Pinder sentenced to 13 years less remand for robbery and firing at police

It was a lengthy prison sentence imposed on Tristan Pinder in Battleford Queen’s Bench Court on Thursday.

Pinder received a total sentence of 13 years, less remand credit of 20 months, in connection to charges stemming from April 2018 in Regina and in the northwest Saskatchewan region.

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For the charge from Regina of robbery, Allbright imposed a term of seven years consecutive to the other counts. The robbery charge was in connection to the stealing of a taxi van in Regina in which the cab driver was stabbed.

For the charge of intent to prevent arrest by discharging a firearm at an RCMP constable it was seven years consecutive, for flight from police it was two years consecutive, and for stealing gasoline from Lashburn it was 30 days concurrent.

These other charges were in connection to a series of incidents along Highway 16 in northwest Saskatchewan, which ended with a shooting standoff with police near Delmas on April 14, 2018.

The total penitentiary time added up to 16 years, but Allbright determined the “totality principle” applied to reduce the amount of time Pinder would serve. Allbright expressed concern that an overly long offence would be “crushing” to Pinder, and to his willingness to deal with rehabilitation.

After applying the totality principle, the global sentence came to 156 months, less remand time credited at 597 days or 20 months. That means Pinder’s sentence runs 136 months commencing from Thursday.

Allbright also made a weapons prohibition order against Pinder of 18 years, and an order prohibiting Pinder from obtaining prohibited weapons for life. A DNA order was made and a driving ban of two years was also imposed. A forfeiture order was also issued.

Pinder was calm inside the courtroom as Allbright imposed sentence. This had been the second of two days set aside for the sentencing, with Pinder’s counsel Ian Mokuruk making defence submissions Thursday.

Counsel had varied when it came to their submissions to the judge on the range of sentence to Pinder.

For robbery, the Crown had called for six to eight years, the defence two to four years. On the discharge of firearms charge the Crown sought nine years consecutive while the defence sought six years. On the flight charge, the Crown sought two years, the defence one year.

In the end, Allbright came up with a sentence somewhere in the middle.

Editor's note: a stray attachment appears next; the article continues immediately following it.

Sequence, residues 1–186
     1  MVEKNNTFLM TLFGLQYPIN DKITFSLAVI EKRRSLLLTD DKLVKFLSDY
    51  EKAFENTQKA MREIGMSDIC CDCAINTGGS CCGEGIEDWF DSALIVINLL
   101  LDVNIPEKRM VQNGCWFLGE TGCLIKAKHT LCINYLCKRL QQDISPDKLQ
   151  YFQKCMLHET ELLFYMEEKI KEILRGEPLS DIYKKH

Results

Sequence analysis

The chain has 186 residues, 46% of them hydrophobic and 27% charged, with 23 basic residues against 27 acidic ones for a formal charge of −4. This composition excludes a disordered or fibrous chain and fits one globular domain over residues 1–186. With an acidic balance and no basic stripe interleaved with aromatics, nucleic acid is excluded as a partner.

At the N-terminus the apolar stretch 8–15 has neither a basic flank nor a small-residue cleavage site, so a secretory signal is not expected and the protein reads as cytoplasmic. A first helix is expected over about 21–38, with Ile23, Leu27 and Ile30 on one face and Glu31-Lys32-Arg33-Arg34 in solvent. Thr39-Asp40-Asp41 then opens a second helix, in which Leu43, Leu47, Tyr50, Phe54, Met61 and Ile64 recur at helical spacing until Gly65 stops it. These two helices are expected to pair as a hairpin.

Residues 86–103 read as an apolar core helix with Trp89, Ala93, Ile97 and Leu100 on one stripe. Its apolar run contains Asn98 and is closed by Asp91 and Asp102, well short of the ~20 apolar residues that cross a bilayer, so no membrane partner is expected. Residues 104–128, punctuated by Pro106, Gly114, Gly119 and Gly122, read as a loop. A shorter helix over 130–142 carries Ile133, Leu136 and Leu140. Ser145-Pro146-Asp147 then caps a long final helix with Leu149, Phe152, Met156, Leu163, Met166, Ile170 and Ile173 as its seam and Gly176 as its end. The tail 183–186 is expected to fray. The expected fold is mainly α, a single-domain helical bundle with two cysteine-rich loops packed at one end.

Afterwards, the Crown indicated they were satisfied that the case had been resolved.

“I’m very pleased that we were able to come very speedily to what I think is a very fair and just outcome for a very serious set of facts,” said Crown Prosecutor Charlotte Morden.

The other charges, including the charge of attempted murder in connection to the Regina stabbing incident, were withdrawn. In speaking to reporters, Crown Prosecutor Alexandra Findlay said that the robbery guilty plea “also properly captures the entire circumstances of the Regina aspect of this offence.”

In imposing sentence, Justice Gerald Allbright noted the court had to be aware of the circumstances of the offence, and consider the personal circumstances of the offender. He called the indictments “incredibly serious criminal offences.” 

With respect to the facts of the case, which transpired over a number of days, Justice Allbright described what transpired in the northwest as a “Bonnie and Clyde escapade.” Pinder was the driver of the stolen taxi vehicle and Verena Petruka, the co-accused in the case, was the passenger.

Allbright noted the shots fired by Pinder at the RCMP constable, which hit his windshield, could have been “lethal if not fatal.”

The judge also noted Pinder and Petruka “made that good decision to surrender,” and give statements to police.

Allbright referred to the victim impact statement of the cab driver Muhammad Umar, who described what transpired as the “worst day of my life.” Allbright also described the trauma of the RCMP constable who was shot at, with the window of his police vehicle being struck by gunfire.

These were extremely serious matters, said Allbright, but “that is only one part of the equation.”

There were several mitigating factors, a significant one being the “early entry of the guilty pleas,” said Allbright. That took away the need for the Crown to call those witnesses.

Allbright also noted the rehabilitation prospects of the accused. In the case of Pinder, the Queen’s Bench judge said there was an excellent possibility of rehabilitation and “redemption.”

He said Pinder was “candid” in co-operating with the pre-sentence report, which pointed to a long history of drug use, in particular crystal meth.

He began smoking weed and was using crystal meth a few times a week, and “that was a harbinger or what brought him in to court today,” said Allbright.

Allbright noted the impact of crystal meth was one he had seen in court before.

“Crystal meth has been the unseen scourge in the courtroom but nonetheless present,” he said.

Allbright expressed his hope to Pinder that he would focus his time in prison on “becoming a better you.” But as he wrapped up, the judge gave one final warning to Pinder: that the worst thing Pinder could do in prison was maintain gang affiliations.

“Being involved in a gang would achieve no purpose whatever, it can only hurt you,” Allbright told Pinder.

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